2.1.1 For wireless environments connected to the cardholder data environment or transmitting cardholder data, change ALL wireless vendor defaults at installation, including but not limited to default wireless encryption keys, passwords, and SNMP community strings.
2.1.1.a Interview responsible personnel and examine supporting documentation to verify that:
• Encryption keys were changed from default at installation
• Encryption keys are changed anytime anyone with knowledge of the keys leaves the company or changes positions.
2.1.1.b Interview personnel and examine policies and procedures to verify:
• Default SNMP community strings are required to be changed upon installation.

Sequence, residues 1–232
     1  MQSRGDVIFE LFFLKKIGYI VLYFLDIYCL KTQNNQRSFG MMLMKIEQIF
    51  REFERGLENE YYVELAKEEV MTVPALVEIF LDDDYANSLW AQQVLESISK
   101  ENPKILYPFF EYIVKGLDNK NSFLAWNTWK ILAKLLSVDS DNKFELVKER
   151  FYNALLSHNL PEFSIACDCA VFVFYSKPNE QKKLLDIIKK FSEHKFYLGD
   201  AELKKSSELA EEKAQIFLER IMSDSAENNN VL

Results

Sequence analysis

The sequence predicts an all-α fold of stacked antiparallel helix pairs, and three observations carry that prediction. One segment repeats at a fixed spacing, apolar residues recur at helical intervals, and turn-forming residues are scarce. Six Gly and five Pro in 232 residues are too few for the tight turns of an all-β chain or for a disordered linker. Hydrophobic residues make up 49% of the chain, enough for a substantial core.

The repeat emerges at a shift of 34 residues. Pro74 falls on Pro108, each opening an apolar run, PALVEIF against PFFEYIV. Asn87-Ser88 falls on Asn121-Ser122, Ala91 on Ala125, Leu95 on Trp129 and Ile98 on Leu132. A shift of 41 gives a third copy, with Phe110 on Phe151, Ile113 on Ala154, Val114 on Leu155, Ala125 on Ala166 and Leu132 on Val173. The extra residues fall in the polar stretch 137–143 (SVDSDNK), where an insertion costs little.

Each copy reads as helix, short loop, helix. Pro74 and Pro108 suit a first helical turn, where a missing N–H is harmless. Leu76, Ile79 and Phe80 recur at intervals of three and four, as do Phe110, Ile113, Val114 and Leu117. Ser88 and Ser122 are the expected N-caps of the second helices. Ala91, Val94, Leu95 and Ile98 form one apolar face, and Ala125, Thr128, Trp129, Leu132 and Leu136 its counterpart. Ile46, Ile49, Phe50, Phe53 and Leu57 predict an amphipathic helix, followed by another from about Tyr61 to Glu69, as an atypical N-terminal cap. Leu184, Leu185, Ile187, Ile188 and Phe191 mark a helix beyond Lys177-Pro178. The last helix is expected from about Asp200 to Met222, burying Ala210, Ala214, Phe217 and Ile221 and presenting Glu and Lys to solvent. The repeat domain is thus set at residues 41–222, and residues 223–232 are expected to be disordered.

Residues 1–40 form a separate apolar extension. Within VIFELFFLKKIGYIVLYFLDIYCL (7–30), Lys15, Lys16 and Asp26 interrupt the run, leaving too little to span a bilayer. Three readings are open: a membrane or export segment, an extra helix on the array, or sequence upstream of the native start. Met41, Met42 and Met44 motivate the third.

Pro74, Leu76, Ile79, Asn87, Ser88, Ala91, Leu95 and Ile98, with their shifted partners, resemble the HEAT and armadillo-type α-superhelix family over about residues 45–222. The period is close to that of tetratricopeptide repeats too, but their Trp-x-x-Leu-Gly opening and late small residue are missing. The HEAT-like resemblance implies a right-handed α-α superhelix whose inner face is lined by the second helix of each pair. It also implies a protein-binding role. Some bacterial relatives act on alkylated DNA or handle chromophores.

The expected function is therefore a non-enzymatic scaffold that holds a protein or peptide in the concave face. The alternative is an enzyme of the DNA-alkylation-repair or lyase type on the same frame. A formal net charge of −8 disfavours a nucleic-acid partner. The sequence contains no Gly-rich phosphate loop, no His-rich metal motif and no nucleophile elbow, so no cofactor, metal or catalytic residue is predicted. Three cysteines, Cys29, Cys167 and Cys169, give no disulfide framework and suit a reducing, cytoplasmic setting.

• Default passwords/passphrases on access points are required to be changed upon installation.
2.1.1.c Examine vendor documentation and login to wireless devices, with system administrator help, to verify:
• Default SNMP community strings are not used.
• Default passwords/passphrases on access points are not used.
2.1.1.d Examine vendor documentation and observe wireless configuration settings to verify firmware on wireless devices is updated to support strong encryption for:
• Authentication over wireless networks
• Transmission over wireless networks.
2.1.1.e Examine vendor documentation and observe wireless configuration settings to verify other security- related wireless vendor defaults were changed, if applicable.
If wireless networks are not implemented with sufficient security configurations (including changing default settings), wireless sniffers can eavesdrop on the traffic, easily capture data and passwords, and easily enter and attack the network.
In addition, the key-exchange protocol for older versions of 802.11x encryption (Wired Equivalent Privacy, or WEP) has been broken and can render the encryption useless. Firmware for devices should be updated to support more secure protocols.